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Editor’s note: This is a guest post by Donna Reish
WITH THE current state of the economy, many people are beginning to look toward personal budgeting as a means to extending their wealth or even just stay afloat. However, especially for those without much budgeting experience, there are a variety of pitfalls of budgeting sometime cause people to give up altogether. It is important to address these pitfalls to overcome any potential problem that could get in the way of budgeting effectively.
Lack of a clear goal or outcome
If you start budgeting simply because you’re worried about money, your budget will most likely not hold up. After a few weeks or months, your budget will crumble because you will have completely forgotten your motive for beginning the budget in the first place.
Common goals are buying a house, car, or other high-priced commodity. But your goal can be as limited and simple as “having enough money each month to pay rent and bills.” Believe it or not, many people have trouble reaching this goal, most likely because they try to budget without this goal (and the set expense required to meet this goal) in mind.
Allocation is too rigid and unwavering
A budget requires flexibility so that unforeseen changes can be accommodated in your plan. For first-time budgeters, I recommend adding a cushion to your general monthly needs expenditure (rent, bills, food, gas). A good cushion would be adding an additional 30-50% to your monthly needs. This will help cover unexpected costs like car repairs, medical expenses, and gifts.
Budget is too complicated
Try to keep your budget as simple as you can. Only create details to provide context to your expenses when it is necessary. If your budget feels too much like a chore, you’ll inevitably drop it. It’s difficult to determine what amount of complexity is ideal as it varies from person to person, so simply judge this by your own set of standards. If your budget seems too complicated or takes too much time, find ways to group categories and numbers so there’s not too much on the table at once.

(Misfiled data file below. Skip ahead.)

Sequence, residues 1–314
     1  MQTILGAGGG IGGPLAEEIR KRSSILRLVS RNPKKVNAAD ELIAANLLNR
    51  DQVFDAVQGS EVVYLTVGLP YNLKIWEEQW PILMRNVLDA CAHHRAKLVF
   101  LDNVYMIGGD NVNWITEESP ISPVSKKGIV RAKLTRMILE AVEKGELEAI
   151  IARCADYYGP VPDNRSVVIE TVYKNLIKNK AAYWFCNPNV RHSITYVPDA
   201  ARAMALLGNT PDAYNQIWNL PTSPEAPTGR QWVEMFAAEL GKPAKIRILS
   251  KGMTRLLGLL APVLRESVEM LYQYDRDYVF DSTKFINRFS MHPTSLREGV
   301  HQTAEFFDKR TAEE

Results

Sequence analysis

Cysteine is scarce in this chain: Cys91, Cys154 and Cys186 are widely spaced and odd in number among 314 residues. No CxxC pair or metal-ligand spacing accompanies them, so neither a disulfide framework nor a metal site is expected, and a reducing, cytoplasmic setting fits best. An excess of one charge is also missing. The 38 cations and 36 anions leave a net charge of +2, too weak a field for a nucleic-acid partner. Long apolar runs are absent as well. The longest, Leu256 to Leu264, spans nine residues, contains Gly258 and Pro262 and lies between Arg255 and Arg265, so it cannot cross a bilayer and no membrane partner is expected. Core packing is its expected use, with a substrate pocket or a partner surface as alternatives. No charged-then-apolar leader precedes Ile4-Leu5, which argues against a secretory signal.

Many people will try to find ways to sharpen their expenditures. Please don’t apply these theories to your budget unless you’ve practiced them. Say you spend $500 a month on groceries. You think you can trim it down to $350 by taking out luxury items and finding good deals? Try it next month first. If you succeed, write the new amount of spending into your budget. Simply hoping to hit a goal without any practice or history is a recipe for disaster and overdrafting.
Not utilizing available tools
Finally, many people don’t use nearly the amount of budgeting tools and resources that are available to them. You can make your budget with more than just pencil and paper. Many spreadsheet applications (such as Microsoft Excel) provide various templates to assist in budgeting.What’s more, sites like Mint.com aggregate your income and expenses from multiple accounts, providing a summary and trend analysis of expenses for individuals. Software like Piggy Banks also aggregate your expenses as well as guide your budget with helpful advice.
Donna Reish, a freelancer who blogs about best universities, contributed this guest post. She loves to write education, career, frugal living, finance, health, parenting relating articles. She can be reached via email at: email@example.com.
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